B. Breach of Intended Third-Party Beneficiary Contract

NSI became the registrar of domain names pursuant to a Cooperative Agreement with the United States Government. See 31 U.S.C. § 6305. National Science Foundation ("NSF") administered the agreement on behalf of the federal government. Plaintiff contends that domain registrants are third-party beneficiaries of the government's contract with NSI. Thus, NSI's failure to comply with certain obligations under the agreement constitutes breach of a third-party beneficiary contract.

Interpretation of the Cooperative Agreement is governed by federal law because the "contract was entered into pursuant to authority conferred by federal statute." United States v. Seckinger, 397 U.S. 203, 209-210, 90 S.Ct. 880, 25 L.Ed.2d 224 (1970). In determining whether a party is a third-party beneficiary, Ninth Circuit law provides as follows:

To sue as a third-party beneficiary of a contract, the third party must show that the contract reflects the express or implied intention of the parties to the contract to benefit the third party. See Montana v. United States, 124 F.3d 1269, 1273 (Fed.Cir. 1997). The intended beneficiary need not be specifically or individually identified in the contract, but must fall within a class clearly intended by the parties to benefit from the contract. See id.

Klamath Water Users Protective Ass'n v. Patterson, 204 F.3d 1206, 1211 (9th Cir. 1999). Moreover, "[p]arties that benefit from a government contract are generally assumed to be incidental beneficiaries, and may not enforce the contract absent a clear intent to the contrary." Id. (citing Restatement (Second) of Contracts § 313(2) (1979)).

Plaintiff points to Article 6, titled "Responsibilities," as reflective of NSI and the NSF's intent to benefit domain name registrants. Article 6 contains numerous provisions outlining the respective duties of NSI and the NSF under the contract. However, it contains no language manifesting a clear intent to confer anything but an incidental benefit to domain name registrants. Based upon Plaintiffs failure to adduce any evidence creating an issue of triable fact regarding its status as an intended beneficiary under the Cooperative Agreement, Defendant's motion for summary judgment as to the breach of a third party beneficiary claim is granted. See Oppedahl & Larson v. Network Solutions, Inc., 3 F. Supp.2d 1147, 1159 (D.Colo. 1998) (finding domain name registrant was not a third-party beneficiary of the Cooperative Agreement between NSI and the NSF).

C. Conversion and Conspiracy to Convert Property

The elements of conversion are as follows: (1) the plaintiff has ownership or right to possession of the property at the time of the conversion; (2) the defendant's conversion is by a wrongful act or disposition of property rights; and (3) damages. See Farmers Ins. Exch. v. Zerin, 53 Cal.App.4th 445, 451, 61 Cal.Rptr.2d 707 (1997). Historically, the tort of conversion was confined to tangible property. See 5 Witkin, Summary of California Law, Torts § 613 (9th ed. 1988). However, California law does recognize "conversion of intangibles represented by documents, such as a bonds, notes, bills of exchange, stock certificates, and warehouse receipts." Id. Intangible property such as "goodwill of business, trade secrets, a newspaper route, or a laundry list of customers" are not subject to conversion. Id. In Berger v. Hanlon, 129 F.3d 505, 517 (9th Cir. 1997) (citing Restatement (Second) of Torts, § 242 and comments), the Ninth Circuit noted that "[a]lthough the common law rule has been relaxed somewhat, and the tort may now reach the misappropriation of intangible rights customarily merged in or identified with some document, it has not yet been extended further."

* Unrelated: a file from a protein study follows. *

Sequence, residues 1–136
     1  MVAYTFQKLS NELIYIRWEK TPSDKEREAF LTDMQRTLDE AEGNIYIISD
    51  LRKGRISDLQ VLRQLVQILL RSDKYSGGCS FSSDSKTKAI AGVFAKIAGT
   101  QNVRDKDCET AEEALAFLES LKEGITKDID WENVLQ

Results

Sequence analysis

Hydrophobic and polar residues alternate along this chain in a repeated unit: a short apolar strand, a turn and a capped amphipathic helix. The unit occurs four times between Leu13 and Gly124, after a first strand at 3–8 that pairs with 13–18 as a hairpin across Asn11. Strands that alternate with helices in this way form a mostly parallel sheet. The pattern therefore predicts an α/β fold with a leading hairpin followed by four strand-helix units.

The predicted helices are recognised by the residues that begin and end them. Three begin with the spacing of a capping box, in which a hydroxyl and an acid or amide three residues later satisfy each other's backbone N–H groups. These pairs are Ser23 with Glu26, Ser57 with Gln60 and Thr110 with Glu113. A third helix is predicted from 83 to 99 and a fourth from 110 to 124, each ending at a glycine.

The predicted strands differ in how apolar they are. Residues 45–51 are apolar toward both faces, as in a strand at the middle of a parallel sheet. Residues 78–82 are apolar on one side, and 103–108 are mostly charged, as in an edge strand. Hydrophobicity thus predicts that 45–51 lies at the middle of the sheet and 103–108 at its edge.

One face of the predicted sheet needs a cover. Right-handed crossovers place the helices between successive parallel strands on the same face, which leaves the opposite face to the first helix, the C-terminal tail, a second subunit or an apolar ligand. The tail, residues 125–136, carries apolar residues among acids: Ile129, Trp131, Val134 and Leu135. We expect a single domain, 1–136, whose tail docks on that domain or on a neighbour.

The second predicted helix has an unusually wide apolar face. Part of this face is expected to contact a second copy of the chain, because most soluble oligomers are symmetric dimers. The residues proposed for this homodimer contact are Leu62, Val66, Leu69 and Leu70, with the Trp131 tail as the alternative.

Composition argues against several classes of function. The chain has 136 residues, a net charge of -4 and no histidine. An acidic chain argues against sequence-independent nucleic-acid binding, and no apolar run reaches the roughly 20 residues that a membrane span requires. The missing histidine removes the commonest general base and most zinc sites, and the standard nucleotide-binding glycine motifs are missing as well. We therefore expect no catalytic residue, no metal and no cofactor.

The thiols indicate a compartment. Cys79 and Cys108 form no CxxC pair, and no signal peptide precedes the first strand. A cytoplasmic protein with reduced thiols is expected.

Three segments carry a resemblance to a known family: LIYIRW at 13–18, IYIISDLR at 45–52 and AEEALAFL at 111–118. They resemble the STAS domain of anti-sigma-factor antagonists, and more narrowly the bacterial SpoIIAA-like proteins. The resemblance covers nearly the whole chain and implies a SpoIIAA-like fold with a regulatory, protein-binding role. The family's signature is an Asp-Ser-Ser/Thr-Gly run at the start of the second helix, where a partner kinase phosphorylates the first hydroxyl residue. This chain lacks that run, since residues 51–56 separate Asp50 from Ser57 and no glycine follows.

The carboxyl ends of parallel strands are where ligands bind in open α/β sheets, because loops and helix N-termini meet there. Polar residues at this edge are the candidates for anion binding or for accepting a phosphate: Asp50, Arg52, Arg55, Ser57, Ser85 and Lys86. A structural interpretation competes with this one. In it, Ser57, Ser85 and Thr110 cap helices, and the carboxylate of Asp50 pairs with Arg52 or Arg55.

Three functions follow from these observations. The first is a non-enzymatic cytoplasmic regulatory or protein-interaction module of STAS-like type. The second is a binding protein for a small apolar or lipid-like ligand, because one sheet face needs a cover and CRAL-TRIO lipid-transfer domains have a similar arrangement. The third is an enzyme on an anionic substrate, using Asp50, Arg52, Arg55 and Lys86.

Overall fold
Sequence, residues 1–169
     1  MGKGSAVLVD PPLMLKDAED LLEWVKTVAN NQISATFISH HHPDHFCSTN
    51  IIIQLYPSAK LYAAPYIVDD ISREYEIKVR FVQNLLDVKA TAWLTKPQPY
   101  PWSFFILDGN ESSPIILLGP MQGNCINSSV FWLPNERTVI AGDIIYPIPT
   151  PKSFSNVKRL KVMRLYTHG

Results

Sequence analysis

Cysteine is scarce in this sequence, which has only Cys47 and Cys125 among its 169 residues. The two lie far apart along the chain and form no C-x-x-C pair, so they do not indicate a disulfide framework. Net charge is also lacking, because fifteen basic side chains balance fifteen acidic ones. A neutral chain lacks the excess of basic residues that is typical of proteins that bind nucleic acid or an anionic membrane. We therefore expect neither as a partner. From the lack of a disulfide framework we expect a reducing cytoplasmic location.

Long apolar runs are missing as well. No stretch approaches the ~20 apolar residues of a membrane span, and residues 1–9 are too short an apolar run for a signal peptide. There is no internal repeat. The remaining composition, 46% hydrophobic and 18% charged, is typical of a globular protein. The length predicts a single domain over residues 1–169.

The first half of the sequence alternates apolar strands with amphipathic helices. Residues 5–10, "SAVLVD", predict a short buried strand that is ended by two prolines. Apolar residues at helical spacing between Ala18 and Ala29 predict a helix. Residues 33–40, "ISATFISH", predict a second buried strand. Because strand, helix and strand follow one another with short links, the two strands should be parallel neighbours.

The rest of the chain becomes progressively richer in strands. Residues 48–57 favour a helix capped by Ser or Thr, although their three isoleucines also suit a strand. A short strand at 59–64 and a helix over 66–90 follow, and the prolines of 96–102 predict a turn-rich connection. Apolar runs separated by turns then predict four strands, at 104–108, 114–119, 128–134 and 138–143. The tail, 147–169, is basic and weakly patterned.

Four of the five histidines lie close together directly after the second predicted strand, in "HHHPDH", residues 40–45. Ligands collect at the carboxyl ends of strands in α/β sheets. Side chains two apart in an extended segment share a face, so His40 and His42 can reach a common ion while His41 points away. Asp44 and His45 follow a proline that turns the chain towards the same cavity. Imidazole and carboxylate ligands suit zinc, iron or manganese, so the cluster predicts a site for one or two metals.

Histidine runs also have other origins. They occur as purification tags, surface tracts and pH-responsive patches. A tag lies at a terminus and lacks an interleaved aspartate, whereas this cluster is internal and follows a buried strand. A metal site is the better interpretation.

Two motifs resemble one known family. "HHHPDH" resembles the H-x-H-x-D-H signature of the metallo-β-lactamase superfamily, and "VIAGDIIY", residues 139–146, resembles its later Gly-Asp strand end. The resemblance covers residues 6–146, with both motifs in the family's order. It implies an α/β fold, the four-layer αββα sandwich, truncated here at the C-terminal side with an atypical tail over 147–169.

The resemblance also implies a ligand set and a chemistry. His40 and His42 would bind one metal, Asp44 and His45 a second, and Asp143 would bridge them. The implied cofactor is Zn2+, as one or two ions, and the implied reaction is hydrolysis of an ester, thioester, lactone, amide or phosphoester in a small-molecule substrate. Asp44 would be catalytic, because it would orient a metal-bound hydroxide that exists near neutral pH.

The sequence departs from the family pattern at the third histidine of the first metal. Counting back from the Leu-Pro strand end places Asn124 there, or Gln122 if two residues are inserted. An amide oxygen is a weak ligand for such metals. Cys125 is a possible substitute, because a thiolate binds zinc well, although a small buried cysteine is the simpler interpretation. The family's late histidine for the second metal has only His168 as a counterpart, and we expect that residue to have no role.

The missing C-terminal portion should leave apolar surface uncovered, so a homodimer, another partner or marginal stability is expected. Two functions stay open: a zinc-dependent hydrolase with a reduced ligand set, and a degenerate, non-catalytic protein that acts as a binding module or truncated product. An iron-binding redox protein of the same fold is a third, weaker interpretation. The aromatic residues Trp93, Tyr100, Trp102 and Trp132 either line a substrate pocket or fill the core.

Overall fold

NSI contends that a domain name is a form of intangible property which can not serve as a basis for a conversion claim. The Court concurs. There is simply no evidence establishing that a domain name, including, is "merged in or identified with" a document or other tangible object. Thus, under the traditional precepts governing the tort of conversion, a domain name is not protected intangible property.*fn2

The Court recognizes that the present action invites abandoning the traditional strictures of conversion to encompass forms of intangible property never contemplated in its formation. However, this Court heeds the California Supreme Court's admonitions to exercise restraint in imposing "`[new tort duties] when to do so would involve complex policy decisions,' (citation omitted) especially when such decisions are more appropriately the subject of legislative deliberation and resolution." Moore v. Regents of University of California, 51 Cal.3d 120, 136, 271 Cal.Rptr. 146, 793 P.2d 479 (1990) (citing Foley v. Interactive Data Corp., 47 Cal.3d 654, 694 & fn. 31, 254 Cal.Rptr. 211, 765 P.2d 373 (1988)). In considering the propriety of extending the law of conversion the Court finds numerous issues "more appropriately the subject of legislative deliberation and resolution." Id.

The Court shall limit its discussion to three issues of particular concern. The first concern is the strict liability nature of conversion. See Moore v. Regents of California, 51 Cal.3d 120, 144, 271 Cal.Rptr. 146, 793 P.2d 479 (1990). "The foundation of the action rests neither in the knowledge nor intent of the defendant. . . . Therefore, questions of the defendant's good faith, lack of knowledge, and motive are ordinarily immaterial." Burlesci v. Petersen, 68 Cal.App.4th 1062, 1066, 80 Cal.Rptr.2d 704 (1998). The following example is illustrative of the tort's severity: "where a warehouse man delivers stored household goods to a corporation which appears to have a bona fide claim of ownership, the warehouse man will be liable for conversion if the corporation is eventually unable to establish its title." Gonzales v. Personal Storage, Inc., 56 Cal.App.4th 464, 476, 65 Cal.Rptr.2d 473 (1997). As the warehouse man in the latter scenario, domain registrars such as NSI would be exposed to liability every time a third party fraudulently obtained the transfer of a domain name. The Court finds it inherently unjust to place NSI in this untenable position by virtue of innocently performing a purely ministerial function.*fn3 Furthermore, the threat of litigation threatens to stifle the registration system by requiring further regulations by NSI and potential increases in fees.